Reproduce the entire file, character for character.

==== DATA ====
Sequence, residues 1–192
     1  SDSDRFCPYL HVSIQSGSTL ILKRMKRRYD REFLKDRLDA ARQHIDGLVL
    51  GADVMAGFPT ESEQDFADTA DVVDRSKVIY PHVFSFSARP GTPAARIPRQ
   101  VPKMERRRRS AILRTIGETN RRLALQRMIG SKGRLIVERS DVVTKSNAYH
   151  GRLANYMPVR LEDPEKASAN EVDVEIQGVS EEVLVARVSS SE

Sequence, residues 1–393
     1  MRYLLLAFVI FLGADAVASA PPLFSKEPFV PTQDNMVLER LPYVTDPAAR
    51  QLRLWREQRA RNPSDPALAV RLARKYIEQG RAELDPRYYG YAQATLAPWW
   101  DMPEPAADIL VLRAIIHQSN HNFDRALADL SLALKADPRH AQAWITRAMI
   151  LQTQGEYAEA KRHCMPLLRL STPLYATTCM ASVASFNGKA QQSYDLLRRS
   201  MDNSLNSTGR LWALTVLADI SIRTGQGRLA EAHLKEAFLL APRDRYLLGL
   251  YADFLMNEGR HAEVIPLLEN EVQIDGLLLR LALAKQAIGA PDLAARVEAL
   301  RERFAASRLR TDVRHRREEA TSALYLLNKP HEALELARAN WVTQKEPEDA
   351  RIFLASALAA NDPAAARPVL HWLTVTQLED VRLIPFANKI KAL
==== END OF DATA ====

Sequence, residues 1–192
     1  SDSDRFCPYL HVSIQSGSTL ILKRMKRRYD REFLKDRLDA ARQHIDGLVL
    51  GADVMAGFPT ESEQDFADTA DVVDRSKVIY PHVFSFSARP GTPAARIPRQ
   101  VPKMERRRRS AILRTIGETN RRLALQRMIG SKGRLIVERS DVVTKSNAYH
   151  GRLANYMPVR LEDPEKASAN EVDVEIQGVS EEVLVARVSS SE

Sequence, residues 1–393
     1  MRYLLLAFVI FLGADAVASA PPLFSKEPFV PTQDNMVLER LPYVTDPAAR
    51  QLRLWREQRA RNPSDPALAV RLARKYIEQG RAELDPRYYG YAQATLAPWW
   101  DMPEPAADIL VLRAIIHQSN HNFDRALADL SLALKADPRH AQAWITRAMI
   151  LQTQGEYAEA KRHCMPLLRL STPLYATTCM ASVASFNGKA QQSYDLLRRS
   201  MDNSLNSTGR LWALTVLADI SIRTGQGRLA EAHLKEAFLL APRDRYLLGL
   251  YADFLMNEGR HAEVIPLLEN EVQIDGLLLR LALAKQAIGA PDLAARVEAL
   301  RERFAASRLR TDVRHRREEA TSALYLLNKP HEALELARAN WVTQKEPEDA
   351  RIFLASALAA NDPAAARPVL HWLTVTQLED VRLIPFANKI KAL